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| 9 min read | by Doug Marrin, dmarrin@thesuntimesnews.com |

Kids are the main focus of Omega Ministries. We learned kids are kids wherever you go. Point a camera and they love to make faces.

The more I talk to people around Dexter, the more I hear about many of us going beyond our borders to share what we can. These stories are always heartwarming and encouraging and it’s obvious these trips have had their impact on the folks who have taken them. Who knows, maybe this is one of the factors that have made our communities so great.

I had the chance to escape the Michigan winter last week and go with one of these local groups to Belize. The purpose was to do some construction work for a local church congregation. And while we were able to leave them with some needed improvements, we came home with even more.

The main objective of the trip for the group from Dexter United Church (DUMC) was to prepare and pour a concrete slab for an addition to Omega Ministries, a non-denominational church in the city of St. Ignacio. DUMC has been making trips and working side-by-side with Omega to alleviate the effects of poverty for the past seven years.

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“We come alongside,” says Tom Snyder, Pastor of Missions at DUMC. “God was already at work here long before we showed up. They’ve got the pastors, youth leaders, volunteers, and leadership. What they don’t have is resources.”

Omega’s church building. The clay ground is being prepared for concrete.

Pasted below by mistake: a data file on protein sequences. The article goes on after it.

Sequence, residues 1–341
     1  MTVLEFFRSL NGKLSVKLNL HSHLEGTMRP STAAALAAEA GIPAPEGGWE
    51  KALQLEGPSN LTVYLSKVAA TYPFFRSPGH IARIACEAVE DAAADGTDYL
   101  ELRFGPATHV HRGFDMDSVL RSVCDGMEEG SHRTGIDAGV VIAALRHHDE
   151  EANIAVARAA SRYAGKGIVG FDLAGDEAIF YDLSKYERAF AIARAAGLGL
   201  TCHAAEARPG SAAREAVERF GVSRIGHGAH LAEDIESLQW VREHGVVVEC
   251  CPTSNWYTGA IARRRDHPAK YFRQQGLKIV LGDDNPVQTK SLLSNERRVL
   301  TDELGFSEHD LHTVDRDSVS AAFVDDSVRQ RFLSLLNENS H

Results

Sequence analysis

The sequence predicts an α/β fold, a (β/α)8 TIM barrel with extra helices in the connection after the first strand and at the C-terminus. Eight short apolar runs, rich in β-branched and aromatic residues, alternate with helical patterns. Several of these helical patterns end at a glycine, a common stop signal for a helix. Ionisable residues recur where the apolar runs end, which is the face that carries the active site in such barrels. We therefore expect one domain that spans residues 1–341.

Pastora Eugenia Salazar leads Omega and is an unstoppable force when it comes to caring for those who are vulnerable. She oversees the sponsorship of 100 children in local schools including the all-important school lunch. Eugenia has rescued women out of prostitution. On more than one occasion she has thrown herself in the middle of domestic disputes to protect the women and children. She distributes food and medicine, counsels women and children, and provides new clothing for those who can’t afford it. She relentlessly pushes against the effects of abject poverty in the St. Ignacio area.

“God has done so much for me in my life, taken me out of abuse and rejection and shown me love and embrace,” says Eugenia in broken English. “I can never repay him for what he has done. All I do is from gratitude for what I myself have received.”

During an outbreak of dengue fever two months ago she spent sleepless days and nights shuttling medicine to homes and making hospital rounds. In a country where you don’t get medical help if you don’t have the money, Omega paid the hospital bills for 26 people, mostly kids, which likely saved their lives.

Eugenia (far right) sits with one of the families the church sponsors.

Omega’s church itself is unassuming. It is a simple concrete slab with a roof but no walls. A storage shed was built last year as well as a woman’s shelter. Our assignment this year was to lay the foundation for a new addition so that Omega can conduct adult and children activities simultaneously. When we arrived at the site, the team got busy preparing the ground. I got busy writing.

John Hannich took a welcomed break building the forms for the concrete footings. His first trip to Omega was five years ago and he has come every year since. “My brother Jeremy knew I liked construction and thought I might enjoy the trip,” John says wiping his forehead. “I had just finished college, and he knew I needed to refocus on what’s really important in life.”